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Borehole Strainmeter Data in California for Postseismic Slip Estimates

Researchers: M.A. Alwahedi, University of Leeds and J.C. Hawthorne, University of Oxford

Written by Linda Rowan
31 May 2019


Examination of borehole strainmeter data for medium size earthquakes (magnitude 4 to 5) in California shows a postseismic moment that is intermediate between small and large earthquakes. This suggests there is a size dependence on the dynamics of earthquakes or on the properties of the fault area around the earthquakes.


Although an earthquake may feel like a sudden lurching and shaking of the Earth’s surface, the motion around the fault can continue to deform the area for hours to years after the event and this motion is considered to be postseismic deformation. Deformation within hours to months is commonly called afterslip. Medium to large earthquakes do not show any systematic relationship in previous studies, between the size of coseismic moment and the size of the postseismic moment; that is the amount of afterslip seems to be independent of the magnitude of the earthquake. This is consistent with a self-similar model of earthquakes where large events are just scaled up versions of small events. Studies of small earthquakes near San Juan Bautista, CA show large afterslip for small events, indicating that the self-similar model does not hold perhaps because the size of the event is too small to drive more rapid slip or because the afterslip is confined to the coseismic deformation area.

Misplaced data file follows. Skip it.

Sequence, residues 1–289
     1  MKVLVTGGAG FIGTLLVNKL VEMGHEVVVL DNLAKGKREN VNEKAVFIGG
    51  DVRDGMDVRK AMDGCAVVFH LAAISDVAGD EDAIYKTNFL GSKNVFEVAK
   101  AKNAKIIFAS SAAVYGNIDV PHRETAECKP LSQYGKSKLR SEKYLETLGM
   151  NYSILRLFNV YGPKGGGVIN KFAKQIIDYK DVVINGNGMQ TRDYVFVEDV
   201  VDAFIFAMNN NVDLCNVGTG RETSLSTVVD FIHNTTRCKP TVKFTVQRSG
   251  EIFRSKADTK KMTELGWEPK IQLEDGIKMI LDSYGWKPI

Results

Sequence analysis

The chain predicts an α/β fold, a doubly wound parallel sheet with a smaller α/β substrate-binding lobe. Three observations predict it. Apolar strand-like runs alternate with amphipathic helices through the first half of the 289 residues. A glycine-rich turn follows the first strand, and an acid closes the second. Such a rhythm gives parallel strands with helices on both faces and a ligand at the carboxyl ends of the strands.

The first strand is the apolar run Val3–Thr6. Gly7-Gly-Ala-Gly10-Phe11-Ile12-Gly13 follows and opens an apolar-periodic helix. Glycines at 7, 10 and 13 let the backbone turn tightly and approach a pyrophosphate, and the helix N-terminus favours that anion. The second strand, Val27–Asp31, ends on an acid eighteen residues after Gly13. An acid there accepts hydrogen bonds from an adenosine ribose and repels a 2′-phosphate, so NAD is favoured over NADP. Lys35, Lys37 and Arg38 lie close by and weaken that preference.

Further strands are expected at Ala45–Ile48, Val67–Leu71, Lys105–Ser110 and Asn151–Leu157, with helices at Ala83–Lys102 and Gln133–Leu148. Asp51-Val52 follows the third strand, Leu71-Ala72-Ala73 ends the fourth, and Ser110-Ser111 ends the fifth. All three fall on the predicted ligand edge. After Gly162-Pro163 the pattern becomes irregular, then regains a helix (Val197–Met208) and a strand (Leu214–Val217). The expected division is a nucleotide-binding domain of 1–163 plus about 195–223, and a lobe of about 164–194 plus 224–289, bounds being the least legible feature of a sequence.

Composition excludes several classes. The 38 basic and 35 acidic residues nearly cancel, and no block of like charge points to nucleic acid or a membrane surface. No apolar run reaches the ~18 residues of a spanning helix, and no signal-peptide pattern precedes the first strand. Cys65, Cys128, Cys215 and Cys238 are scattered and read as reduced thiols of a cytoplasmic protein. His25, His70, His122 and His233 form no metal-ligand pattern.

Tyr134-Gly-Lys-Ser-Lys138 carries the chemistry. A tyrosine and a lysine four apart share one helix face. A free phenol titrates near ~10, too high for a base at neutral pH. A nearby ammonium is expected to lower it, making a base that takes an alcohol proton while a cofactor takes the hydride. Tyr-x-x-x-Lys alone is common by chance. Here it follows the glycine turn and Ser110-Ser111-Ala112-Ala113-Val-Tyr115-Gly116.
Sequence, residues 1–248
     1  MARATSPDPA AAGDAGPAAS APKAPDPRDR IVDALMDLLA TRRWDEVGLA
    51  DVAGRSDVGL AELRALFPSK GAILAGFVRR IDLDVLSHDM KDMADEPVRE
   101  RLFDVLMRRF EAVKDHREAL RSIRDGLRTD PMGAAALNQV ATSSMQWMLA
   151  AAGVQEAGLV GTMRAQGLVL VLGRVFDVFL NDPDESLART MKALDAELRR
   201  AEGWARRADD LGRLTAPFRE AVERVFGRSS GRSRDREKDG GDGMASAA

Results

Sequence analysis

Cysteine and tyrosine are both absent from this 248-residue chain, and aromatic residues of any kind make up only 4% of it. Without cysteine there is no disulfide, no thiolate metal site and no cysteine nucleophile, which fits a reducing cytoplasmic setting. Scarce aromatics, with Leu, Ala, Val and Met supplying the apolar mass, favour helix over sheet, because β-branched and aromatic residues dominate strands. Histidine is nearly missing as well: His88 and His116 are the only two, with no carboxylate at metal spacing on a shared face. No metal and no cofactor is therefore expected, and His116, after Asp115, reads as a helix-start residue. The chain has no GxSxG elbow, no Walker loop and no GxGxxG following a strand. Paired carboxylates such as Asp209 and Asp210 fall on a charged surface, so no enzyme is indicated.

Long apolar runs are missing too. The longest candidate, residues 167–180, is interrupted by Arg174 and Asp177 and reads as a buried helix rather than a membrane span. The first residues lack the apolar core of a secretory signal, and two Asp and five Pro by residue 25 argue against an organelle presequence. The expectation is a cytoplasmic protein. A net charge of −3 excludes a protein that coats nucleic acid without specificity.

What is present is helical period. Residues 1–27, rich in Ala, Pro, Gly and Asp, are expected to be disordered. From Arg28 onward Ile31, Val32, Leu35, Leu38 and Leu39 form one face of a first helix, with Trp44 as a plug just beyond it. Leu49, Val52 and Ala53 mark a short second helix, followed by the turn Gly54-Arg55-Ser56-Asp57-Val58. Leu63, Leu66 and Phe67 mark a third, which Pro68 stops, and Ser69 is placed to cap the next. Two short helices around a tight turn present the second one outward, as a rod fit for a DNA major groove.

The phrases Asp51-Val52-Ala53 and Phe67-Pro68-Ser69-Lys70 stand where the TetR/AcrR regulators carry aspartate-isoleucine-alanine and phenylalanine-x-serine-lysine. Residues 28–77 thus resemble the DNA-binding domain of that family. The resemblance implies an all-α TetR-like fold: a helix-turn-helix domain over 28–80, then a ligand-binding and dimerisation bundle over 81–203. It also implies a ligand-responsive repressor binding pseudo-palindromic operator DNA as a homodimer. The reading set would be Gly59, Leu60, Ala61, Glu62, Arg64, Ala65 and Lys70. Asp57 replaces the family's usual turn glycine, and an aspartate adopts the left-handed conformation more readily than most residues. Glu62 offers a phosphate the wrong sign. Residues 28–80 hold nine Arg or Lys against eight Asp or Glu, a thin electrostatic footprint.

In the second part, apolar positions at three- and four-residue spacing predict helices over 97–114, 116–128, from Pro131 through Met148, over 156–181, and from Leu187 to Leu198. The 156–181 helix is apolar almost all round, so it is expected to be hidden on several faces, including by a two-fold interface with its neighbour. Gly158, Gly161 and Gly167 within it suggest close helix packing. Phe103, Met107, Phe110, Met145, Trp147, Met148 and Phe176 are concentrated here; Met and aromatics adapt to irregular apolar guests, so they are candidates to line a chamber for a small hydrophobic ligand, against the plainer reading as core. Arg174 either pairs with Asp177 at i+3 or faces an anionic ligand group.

Here the authors use borehole strain data from UNAVCO’s and USGS’s networks of borehole strainmeters to examine postseismic slip for magnitude 4 to 5 earthquakes in central and northern California.


Assessment of the afterslip (occurring between 20 minutes and 1.5 days after each event) for 11 medium-size earthquakes shows a median postseismic moment of 0.45 times the coseismic moment. The ratio is intermediate for medium size earthquakes, falling between small to large earthquakes. Thus the postseismic moment appears to be magnitude dependent and does not fit a self-similar model for earthquakes. The postseismic slip may be dependent on the dynamics of the earthquakes or on the properties of the faults in the earthquake areas.

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Alwahedi, M. A., & Hawthorne, J. C. (2019). Intermediate-magnitude postseismic slip follows intermediate-magnitude (M 4 to 5) earthquakes in California. Geophysical Research Letters, 46, 3676–3687. doi: 10.1029/2018GL081001.


postseismic slip, borehole strainmeter, self-similarity

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Last modified: 2020-03-30  11:34:36  America/Denver